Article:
Dear Doctor: On Whether the Recommended Serving Sizes on Dog Food Labels Account for Treats


Q. I have read in Your Dog as well as in other places that up to 10 percent of a dog’s daily calories can come from treats. With that in mind, when you look at a bag of dog food and see how many cups per day a dog should be fed based on his weight, is the manufacturer taking into account that you might add 10 percent more calories in the form of treats, or is the company calculating 100 percent of a dog’s calorie needs? I’m asking because I’m wondering if I should subtract a little of the kibble recommended so I can add in some goodies each day?

Arlene Walter

Sayville, New York

Dear Ms. Walter,

A. Each company may have its own way of making the calculations, but we called Purina, one of the largest, most reputable dog food manufacturers out there, and were told that when they make their recommendations on serving sizes, they are considering 100 percent of a dog’s calorie needs, not, say, 90 percent in order to add in some treats. So if you plan to give treats, you may want to give slightly less kibble over the course of the day.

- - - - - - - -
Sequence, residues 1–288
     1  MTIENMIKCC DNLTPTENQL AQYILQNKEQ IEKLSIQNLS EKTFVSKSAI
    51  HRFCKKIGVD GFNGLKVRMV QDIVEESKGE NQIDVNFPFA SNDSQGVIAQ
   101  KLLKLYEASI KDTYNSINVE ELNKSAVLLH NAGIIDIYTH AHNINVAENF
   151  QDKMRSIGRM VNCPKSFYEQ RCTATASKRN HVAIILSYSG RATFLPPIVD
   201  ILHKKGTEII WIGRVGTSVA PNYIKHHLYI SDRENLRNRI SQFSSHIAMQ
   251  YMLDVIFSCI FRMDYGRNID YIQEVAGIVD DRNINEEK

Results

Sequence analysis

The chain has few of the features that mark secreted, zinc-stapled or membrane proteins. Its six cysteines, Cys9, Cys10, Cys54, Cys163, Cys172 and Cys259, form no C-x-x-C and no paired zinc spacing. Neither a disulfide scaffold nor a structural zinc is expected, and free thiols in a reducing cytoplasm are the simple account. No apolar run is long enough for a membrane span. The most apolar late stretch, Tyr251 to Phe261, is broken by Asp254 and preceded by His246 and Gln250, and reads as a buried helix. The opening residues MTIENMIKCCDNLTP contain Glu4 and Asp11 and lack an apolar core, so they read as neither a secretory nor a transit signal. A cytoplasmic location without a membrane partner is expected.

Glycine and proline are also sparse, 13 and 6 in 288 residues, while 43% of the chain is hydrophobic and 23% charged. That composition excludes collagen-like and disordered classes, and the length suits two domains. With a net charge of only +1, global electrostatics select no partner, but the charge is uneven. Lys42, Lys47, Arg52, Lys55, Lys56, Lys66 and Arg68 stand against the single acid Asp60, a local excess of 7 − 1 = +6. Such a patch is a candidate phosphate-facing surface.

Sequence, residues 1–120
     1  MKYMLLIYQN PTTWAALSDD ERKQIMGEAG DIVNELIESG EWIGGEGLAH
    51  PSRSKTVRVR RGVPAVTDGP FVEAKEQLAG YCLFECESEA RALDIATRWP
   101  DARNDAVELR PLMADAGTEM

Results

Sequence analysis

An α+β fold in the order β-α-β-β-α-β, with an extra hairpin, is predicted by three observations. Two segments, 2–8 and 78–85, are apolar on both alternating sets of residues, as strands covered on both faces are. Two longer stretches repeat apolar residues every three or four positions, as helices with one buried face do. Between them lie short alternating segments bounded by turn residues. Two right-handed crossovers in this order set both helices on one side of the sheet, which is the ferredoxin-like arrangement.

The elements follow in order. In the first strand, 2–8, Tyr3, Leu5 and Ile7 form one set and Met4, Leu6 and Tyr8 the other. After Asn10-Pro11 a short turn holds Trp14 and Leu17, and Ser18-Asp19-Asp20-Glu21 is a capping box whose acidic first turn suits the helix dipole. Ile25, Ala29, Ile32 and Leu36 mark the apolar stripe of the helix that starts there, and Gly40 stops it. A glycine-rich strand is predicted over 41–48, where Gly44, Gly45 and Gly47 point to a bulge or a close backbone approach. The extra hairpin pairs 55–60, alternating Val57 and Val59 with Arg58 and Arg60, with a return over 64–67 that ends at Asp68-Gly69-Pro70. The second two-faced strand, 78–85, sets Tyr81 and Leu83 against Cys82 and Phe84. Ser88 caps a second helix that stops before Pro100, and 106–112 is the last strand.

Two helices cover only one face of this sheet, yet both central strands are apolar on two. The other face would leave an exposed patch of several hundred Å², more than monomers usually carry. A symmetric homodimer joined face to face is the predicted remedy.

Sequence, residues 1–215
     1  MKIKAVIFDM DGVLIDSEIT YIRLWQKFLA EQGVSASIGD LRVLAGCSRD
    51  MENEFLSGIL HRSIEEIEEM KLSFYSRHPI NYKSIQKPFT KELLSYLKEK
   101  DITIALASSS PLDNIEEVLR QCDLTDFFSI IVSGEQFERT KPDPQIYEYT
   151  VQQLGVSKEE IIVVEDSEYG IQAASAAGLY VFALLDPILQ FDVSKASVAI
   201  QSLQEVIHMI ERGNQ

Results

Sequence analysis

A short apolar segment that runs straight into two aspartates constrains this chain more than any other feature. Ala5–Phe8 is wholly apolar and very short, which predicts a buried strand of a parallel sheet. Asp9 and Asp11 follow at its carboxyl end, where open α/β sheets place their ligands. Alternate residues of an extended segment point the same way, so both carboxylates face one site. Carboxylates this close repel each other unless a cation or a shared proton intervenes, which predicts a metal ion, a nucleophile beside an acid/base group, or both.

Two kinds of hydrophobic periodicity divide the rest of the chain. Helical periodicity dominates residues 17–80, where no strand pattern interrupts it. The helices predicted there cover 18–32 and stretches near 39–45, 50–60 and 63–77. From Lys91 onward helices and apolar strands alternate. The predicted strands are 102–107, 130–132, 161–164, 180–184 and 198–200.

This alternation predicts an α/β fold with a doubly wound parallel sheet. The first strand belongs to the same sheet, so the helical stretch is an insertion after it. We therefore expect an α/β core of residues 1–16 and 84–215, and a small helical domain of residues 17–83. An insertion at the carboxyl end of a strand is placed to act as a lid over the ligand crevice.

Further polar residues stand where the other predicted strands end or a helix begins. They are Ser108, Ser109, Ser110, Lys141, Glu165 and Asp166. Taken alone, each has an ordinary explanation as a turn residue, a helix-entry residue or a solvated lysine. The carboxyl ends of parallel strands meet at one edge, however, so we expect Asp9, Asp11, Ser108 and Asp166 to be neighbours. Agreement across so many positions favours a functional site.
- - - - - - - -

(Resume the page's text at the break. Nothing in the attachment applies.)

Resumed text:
Note that recommended feeding amounts on packages of dog food are not x calories for a dog who weighs y pounds. It’s a range of calories for a range of weights. That’s because even two dogs who are the same size may have different calorie requirements depending on such factors as activity level and age and whether or not they were spayed/neutered. Dogs also have varying metabolic rates, meaning some are just easy keepers and need fewer calories to maintain ideal body condition.

The bottom line is that there’s generally some trial and error involved in coming up with the right amount to feed your dog. In some cases, a dog might even need fewer calories than the smallest feeding amount recommended for a given weight range (in which case you will want to switch to a different pet food because if you have to go below the lower end of the recommended calorie range to keep your dog trim, you could be shortchanging him on nutrients that come with those calories). In other cases, particularly if the pet is a working dog who is extremely active throughout the day, he might need more.


Please enter your comment!
Please enter your name here